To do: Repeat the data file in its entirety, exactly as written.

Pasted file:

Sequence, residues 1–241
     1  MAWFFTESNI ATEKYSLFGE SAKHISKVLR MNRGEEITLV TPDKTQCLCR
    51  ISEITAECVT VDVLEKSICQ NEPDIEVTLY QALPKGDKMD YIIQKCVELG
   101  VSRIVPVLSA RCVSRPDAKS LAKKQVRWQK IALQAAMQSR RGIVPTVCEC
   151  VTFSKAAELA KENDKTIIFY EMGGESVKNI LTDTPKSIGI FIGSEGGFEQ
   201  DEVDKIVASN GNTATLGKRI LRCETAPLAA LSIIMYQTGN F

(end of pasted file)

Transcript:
Sequence, residues 1–241
     1  MAWFFTESNI ATEKYSLFGE SAKHISKVLR MNRGEEITLV TPDKTQCLCR
    51  ISEITAECVT VDVLEKSICQ NEPDIEVTLY QALPKGDKMD YIIQKCVELG
   101  VSRIVPVLSA RCVSRPDAKS LAKKQVRWQK IALQAAMQSR RGIVPTVCEC
   151  VTFSKAAELA KENDKTIIFY EMGGESVKNI LTDTPKSIGI FIGSEGGFEQ
   201  DEVDKIVASN GNTATLGKRI LRCETAPLAA LSIIMYQTGN F